7. Such person was the subject of, or a party to, any Federal or State judicial or administrative order, judgment, decree, or finding, not subsequently reversed, suspended or vacated, relating to an alleged violation of:

      i.

    Any Federal or State securities or commodities law or regulation; or

         
      ii.

    Any law or regulation respecting financial institutions or insurance companies including, but not limited to, a temporary or permanent injunction, order of disgorgement or restitution, civil money penalty or temporary or permanent cease-and-desist order, or removal or prohibition order; or

         
      iii.

    Any law or regulation prohibiting mail or wire fraud or fraud in connection with any business entity; or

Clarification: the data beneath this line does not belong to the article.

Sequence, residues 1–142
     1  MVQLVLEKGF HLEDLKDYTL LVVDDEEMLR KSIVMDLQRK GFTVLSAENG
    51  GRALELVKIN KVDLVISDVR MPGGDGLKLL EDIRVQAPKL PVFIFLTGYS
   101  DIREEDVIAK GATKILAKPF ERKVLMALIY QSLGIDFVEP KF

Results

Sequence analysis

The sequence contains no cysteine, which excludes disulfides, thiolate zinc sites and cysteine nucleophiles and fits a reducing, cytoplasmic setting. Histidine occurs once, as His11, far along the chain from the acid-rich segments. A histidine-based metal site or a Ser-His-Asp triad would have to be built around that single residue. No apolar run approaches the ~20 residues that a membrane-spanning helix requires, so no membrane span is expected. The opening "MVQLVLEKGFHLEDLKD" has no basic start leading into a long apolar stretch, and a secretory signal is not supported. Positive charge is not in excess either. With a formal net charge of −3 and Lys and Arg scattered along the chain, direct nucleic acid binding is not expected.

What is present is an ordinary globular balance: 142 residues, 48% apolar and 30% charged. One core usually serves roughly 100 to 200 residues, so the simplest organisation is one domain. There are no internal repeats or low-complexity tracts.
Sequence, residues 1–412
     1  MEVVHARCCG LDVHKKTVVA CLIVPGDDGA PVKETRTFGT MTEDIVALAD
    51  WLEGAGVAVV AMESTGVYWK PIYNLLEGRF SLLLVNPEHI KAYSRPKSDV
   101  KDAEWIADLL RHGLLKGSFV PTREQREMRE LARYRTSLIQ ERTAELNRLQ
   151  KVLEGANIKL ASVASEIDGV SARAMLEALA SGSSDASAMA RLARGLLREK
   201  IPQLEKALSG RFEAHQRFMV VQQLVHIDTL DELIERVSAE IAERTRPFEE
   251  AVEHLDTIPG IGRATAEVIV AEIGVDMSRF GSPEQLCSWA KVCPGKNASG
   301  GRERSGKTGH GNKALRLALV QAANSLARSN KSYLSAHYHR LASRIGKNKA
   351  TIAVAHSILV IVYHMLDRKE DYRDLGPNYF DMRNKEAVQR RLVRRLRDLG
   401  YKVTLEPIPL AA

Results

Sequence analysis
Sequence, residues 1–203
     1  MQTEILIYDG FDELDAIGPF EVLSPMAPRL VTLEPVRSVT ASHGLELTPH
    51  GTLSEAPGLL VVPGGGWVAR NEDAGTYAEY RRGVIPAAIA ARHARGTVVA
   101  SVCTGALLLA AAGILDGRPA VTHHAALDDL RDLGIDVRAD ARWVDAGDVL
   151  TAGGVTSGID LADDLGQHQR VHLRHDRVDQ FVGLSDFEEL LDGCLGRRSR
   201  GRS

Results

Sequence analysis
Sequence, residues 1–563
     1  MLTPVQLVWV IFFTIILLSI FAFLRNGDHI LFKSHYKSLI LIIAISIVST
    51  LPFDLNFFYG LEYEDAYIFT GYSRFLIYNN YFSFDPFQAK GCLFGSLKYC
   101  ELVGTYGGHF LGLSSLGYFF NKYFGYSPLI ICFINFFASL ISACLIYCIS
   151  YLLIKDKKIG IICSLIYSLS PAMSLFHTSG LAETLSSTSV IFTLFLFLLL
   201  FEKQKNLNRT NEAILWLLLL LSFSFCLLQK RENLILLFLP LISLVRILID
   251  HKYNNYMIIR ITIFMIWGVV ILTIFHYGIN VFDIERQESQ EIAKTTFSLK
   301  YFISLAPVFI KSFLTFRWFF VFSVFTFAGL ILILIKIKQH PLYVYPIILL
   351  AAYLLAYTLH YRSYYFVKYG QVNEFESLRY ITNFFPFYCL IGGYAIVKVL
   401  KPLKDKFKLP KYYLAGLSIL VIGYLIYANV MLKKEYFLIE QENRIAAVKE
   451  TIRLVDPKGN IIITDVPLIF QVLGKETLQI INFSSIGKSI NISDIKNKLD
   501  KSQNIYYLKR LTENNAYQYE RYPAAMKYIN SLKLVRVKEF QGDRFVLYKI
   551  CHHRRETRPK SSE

8. Such person was the subject of, or a party to, any sanction or order, not subsequently reversed, suspended or vacated, of any self-regulatory organization (as defined in Section 3(a)(26) of the Exchange Act (15 U.S.C. 78c(a)(26), any registered entity (as defined in Section 1(a)(29) of the Commodity Exchange Act (7 U.S.C. 1(a)(29), or any equivalent exchange, association, entity or organization that has disciplinary authority over its members or persons associated with a member.

    Compliance with Section 16(a) of the Securities Exchange Act of 1934

    Section 16(a) of the Securities Exchange Act of 1934 requires our executive officers and directors and persons who own more than 10% of our common stock to file with the Securities and Exchange Commission initial statements of beneficial ownership, reports of changes in ownership and annual reports concerning their ownership of our common stock and other equity securities, on Forms 3, 4 and 5 respectively. Executive officers, directors and greater than 10% shareholders are required by the SEC regulations to furnish us with copies of all Section 16(a) reports that they file.